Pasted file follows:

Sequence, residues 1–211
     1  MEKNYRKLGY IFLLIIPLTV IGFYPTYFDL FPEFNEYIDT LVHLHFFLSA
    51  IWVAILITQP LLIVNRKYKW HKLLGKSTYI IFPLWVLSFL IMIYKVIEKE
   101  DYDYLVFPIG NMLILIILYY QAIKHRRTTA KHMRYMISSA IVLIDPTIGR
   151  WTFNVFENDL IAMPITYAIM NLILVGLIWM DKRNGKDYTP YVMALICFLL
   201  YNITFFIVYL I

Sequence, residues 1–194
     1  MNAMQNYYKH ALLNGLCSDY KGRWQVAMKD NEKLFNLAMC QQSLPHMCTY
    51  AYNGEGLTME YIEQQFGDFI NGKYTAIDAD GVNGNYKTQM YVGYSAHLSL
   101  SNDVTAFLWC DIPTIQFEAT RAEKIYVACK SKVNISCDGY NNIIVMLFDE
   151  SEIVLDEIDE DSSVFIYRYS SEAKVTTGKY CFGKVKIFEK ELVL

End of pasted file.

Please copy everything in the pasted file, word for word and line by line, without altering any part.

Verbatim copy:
Sequence, residues 1–211
     1  MEKNYRKLGY IFLLIIPLTV IGFYPTYFDL FPEFNEYIDT LVHLHFFLSA
    51  IWVAILITQP LLIVNRKYKW HKLLGKSTYI IFPLWVLSFL IMIYKVIEKE
   101  DYDYLVFPIG NMLILIILYY QAIKHRRTTA KHMRYMISSA IVLIDPTIGR
   151  WTFNVFENDL IAMPITYAIM NLILVGLIWM DKRNGKDYTP YVMALICFLL
   201  YNITFFIVYL I

Sequence, residues 1–194
     1  MNAMQNYYKH ALLNGLCSDY KGRWQVAMKD NEKLFNLAMC QQSLPHMCTY
    51  AYNGEGLTME YIEQQFGDFI NGKYTAIDAD GVNGNYKTQM YVGYSAHLSL
   101  SNDVTAFLWC DIPTIQFEAT RAEKIYVACK SKVNISCDGY NNIIVMLFDE
   151  SEIVLDEIDE DSSVFIYRYS SEAKVTTGKY CFGKVKIFEK ELVL